Alternatively, politicians continue cutting police budgets, forcing them to replace people with underperforming computers.


Where on earth is this happening? I would like to move there. In my county/state/nation, the federal government makes up new funding programs every year to induce local departments to hire ever more assholes to pry ever more into the lives of their subjects.


Maybe I'm misremembering, but wasn't bite mark evidence used to catch Ted Bundy?


Not really, and frankly as with many prolific serial killers the active ingredient was police incompetence rather than rare genius of the killer.

https://en.m.wikipedia.org/wiki/Ted_Bundy#Arrest_and_first_t...


Not catch per se, but it was used in the trial.


I once helped build a fingerprint processing system. One of the things I learned is that police technicians essentially photoshop fingerprints before searching to ensure the best possible match. It took a lot of the shine off of the process and made it clear that as high-tech as things seemed, there were a lot of organic factors at play that were hard or impossible for a computer to sort out by itself. I expect facial recognition has similar constraints.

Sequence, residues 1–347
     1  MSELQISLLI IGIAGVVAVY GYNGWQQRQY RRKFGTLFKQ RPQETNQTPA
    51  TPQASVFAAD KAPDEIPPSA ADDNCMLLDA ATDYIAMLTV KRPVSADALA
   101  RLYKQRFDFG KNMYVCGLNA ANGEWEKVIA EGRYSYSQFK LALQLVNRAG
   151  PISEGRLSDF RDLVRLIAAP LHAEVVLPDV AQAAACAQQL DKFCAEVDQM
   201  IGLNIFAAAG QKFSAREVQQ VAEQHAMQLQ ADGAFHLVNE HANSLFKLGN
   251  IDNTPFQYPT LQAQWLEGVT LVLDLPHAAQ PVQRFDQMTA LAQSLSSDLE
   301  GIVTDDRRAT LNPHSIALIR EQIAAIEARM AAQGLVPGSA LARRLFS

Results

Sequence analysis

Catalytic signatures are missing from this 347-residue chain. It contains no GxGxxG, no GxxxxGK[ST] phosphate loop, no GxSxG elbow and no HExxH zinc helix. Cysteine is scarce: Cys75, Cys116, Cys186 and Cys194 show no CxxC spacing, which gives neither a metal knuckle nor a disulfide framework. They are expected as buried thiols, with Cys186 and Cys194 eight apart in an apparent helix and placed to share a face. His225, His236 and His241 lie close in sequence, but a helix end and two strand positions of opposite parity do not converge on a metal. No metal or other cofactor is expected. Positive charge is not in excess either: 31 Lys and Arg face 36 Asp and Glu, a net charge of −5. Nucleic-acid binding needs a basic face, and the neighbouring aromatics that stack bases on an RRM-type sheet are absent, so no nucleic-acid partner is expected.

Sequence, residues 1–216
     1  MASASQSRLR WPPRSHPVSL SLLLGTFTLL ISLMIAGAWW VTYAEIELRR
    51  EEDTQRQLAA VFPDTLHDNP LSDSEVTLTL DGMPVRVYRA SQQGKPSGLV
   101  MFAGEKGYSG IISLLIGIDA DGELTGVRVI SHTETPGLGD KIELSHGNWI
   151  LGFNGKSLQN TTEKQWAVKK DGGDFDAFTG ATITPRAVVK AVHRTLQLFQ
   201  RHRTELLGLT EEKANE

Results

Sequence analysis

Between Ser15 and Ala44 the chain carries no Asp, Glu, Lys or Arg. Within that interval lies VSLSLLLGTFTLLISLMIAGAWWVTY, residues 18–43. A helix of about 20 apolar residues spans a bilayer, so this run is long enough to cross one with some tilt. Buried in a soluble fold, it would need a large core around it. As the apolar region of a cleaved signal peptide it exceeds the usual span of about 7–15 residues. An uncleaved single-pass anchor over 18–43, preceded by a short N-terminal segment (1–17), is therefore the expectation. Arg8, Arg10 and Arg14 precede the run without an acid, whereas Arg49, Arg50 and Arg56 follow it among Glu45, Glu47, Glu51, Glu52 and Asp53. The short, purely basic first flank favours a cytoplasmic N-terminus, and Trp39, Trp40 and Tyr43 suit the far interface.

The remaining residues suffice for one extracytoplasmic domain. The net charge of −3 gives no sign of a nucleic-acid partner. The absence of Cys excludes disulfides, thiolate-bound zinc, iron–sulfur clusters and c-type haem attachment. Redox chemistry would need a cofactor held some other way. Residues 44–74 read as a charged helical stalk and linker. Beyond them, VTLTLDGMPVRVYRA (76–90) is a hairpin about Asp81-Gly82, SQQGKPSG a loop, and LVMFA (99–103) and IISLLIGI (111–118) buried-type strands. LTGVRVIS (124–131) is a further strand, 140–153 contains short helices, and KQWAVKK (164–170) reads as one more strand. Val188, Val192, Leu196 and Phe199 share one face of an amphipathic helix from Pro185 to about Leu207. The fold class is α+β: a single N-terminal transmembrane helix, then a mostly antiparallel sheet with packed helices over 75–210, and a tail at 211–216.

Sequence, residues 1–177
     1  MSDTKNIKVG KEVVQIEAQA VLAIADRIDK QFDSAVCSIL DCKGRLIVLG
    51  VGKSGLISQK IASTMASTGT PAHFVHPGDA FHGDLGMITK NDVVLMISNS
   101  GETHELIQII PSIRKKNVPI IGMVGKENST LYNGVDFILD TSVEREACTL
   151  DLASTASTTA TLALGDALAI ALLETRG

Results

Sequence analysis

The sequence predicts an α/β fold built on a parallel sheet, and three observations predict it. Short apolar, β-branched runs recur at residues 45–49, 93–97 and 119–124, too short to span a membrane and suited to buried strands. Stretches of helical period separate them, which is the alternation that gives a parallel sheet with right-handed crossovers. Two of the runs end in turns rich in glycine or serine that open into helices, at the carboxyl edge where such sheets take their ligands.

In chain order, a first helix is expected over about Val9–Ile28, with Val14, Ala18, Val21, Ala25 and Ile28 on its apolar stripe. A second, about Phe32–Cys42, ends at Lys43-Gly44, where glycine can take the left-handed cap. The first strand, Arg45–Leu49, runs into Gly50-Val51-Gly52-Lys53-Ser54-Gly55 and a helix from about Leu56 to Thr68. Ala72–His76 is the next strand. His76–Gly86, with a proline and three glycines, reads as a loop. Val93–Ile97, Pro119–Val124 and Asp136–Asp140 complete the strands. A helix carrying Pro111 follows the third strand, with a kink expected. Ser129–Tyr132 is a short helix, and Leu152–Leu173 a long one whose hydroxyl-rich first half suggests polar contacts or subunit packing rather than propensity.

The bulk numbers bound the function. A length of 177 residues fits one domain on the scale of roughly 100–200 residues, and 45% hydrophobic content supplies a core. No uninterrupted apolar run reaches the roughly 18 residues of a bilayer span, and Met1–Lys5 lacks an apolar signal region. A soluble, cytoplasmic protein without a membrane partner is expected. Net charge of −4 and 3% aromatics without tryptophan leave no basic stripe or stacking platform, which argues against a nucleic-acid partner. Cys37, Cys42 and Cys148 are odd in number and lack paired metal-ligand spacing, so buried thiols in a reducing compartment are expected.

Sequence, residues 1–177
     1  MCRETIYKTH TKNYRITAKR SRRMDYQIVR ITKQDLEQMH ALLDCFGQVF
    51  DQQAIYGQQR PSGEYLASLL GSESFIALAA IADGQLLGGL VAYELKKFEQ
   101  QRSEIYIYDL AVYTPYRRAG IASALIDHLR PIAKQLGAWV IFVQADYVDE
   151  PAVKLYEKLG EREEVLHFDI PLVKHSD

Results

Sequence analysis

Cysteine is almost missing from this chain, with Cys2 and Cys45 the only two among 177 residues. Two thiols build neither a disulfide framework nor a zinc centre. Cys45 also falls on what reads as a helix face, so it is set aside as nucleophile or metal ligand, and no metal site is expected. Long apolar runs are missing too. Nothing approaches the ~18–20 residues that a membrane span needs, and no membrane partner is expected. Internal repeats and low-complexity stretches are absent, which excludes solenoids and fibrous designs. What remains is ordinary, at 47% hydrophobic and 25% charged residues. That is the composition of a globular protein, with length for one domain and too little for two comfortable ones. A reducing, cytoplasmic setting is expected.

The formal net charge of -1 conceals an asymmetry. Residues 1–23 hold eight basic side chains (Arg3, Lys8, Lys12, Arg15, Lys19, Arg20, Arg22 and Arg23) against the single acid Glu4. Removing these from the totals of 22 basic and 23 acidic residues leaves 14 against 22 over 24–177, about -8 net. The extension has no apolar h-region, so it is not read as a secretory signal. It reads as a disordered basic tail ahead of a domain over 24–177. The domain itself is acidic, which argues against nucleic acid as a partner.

Edit: Conjugation


Computer vision is hard.

Face recognition, autonomous driving, whatever works with dynamic environments will terribly fail for at least another 5 years.

Recognition and classification work fine when working with static environments (pipe checking, train rail track checking, etc), but people and cars are hard to be tracked.. too many variables (light,. Day/night transition, skin tone)